by Allen Wyatt
(last updated December 5, 2015)
Whenever Kathleen changes the language in a document, the change doesn't apply to the text in footnotes and text boxes. She wonders how she can change the language of a document so that the language for the entire document—including footnotes and text boxes—is changed.
Kathleen doesn't specify how she is trying to change the language used in a document, but there are two general ways that most people go about this. One way is to follow these steps:
Figure 1. The Language dialog box.
This approach works fine if you have a simple document, but it is not the best method. The reason is because it doesn't affect many parts of the document, such as headers, footers, footnotes, endontes, and miscellaneous text (like the text in text boxes).
The best approach involves changing the style definitions used in the document. This is a better approach because Word always (whether you specifically tell it to or not) applies styles to the various pieces and parts of text used in the document. If you change the definition of the style, then any text that uses that style is affected automatically. Here are the general steps to following in specifying a language for a particular style:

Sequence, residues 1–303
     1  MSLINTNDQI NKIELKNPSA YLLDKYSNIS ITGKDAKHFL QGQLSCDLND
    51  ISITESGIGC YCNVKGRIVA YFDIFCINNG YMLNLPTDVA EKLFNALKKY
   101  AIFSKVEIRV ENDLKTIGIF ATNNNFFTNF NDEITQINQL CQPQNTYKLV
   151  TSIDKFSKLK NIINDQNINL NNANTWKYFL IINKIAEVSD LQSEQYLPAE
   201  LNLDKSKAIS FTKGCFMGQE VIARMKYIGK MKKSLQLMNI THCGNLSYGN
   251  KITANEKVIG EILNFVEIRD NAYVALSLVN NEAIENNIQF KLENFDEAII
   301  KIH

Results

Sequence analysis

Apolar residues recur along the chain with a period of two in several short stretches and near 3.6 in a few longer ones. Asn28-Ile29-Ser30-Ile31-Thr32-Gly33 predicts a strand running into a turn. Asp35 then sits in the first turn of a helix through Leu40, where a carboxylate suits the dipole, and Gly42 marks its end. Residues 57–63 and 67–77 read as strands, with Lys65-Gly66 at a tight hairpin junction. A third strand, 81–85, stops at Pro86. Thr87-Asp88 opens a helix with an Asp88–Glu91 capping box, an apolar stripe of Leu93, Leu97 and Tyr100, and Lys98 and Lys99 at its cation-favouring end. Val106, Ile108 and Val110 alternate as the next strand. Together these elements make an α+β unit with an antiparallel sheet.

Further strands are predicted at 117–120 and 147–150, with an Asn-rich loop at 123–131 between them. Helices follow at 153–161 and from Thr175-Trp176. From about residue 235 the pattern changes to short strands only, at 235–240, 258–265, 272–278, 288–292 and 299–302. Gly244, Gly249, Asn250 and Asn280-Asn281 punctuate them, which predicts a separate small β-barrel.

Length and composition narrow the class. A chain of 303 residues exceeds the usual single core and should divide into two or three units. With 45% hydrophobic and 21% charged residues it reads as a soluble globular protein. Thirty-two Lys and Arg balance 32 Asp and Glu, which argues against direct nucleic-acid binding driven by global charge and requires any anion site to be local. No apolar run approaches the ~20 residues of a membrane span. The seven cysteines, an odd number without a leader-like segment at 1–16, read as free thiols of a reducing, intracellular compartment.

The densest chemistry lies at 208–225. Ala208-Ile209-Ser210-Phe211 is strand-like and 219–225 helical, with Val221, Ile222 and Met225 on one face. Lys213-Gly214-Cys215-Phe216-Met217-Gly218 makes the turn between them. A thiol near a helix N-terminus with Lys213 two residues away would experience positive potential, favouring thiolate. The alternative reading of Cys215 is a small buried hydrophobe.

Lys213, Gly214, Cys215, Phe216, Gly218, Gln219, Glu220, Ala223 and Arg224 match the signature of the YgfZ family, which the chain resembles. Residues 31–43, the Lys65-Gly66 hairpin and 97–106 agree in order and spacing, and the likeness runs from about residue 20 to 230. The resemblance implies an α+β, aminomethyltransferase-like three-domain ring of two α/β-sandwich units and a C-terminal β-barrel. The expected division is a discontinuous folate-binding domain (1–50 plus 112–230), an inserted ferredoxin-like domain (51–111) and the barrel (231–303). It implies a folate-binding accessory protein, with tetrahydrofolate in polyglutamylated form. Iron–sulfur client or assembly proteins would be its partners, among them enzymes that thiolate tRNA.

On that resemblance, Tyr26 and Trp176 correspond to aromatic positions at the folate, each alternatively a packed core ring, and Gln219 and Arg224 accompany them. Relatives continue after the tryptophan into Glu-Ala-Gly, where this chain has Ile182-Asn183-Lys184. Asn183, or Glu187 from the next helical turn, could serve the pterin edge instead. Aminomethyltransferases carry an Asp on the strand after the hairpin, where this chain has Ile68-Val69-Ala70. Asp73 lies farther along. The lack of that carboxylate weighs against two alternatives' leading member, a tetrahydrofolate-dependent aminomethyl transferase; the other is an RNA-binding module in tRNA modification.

Figure 2. The Modify Style dialog box.
Which styles should you change? The simple answer is any that may be used in your document. In many documents you may be able to get away with only changing the Normal style in step 3. This works because most (if not all) of the other defined styles are based on the Normal style, thus all changes you make to it cascade to other styles based on it. If this is not the case in your document, then you simply need to make sure that, in step 3, you choose to change the Footnote Text style (to change the language for the text of your footnotes) and any styles that may be used in the text boxes.
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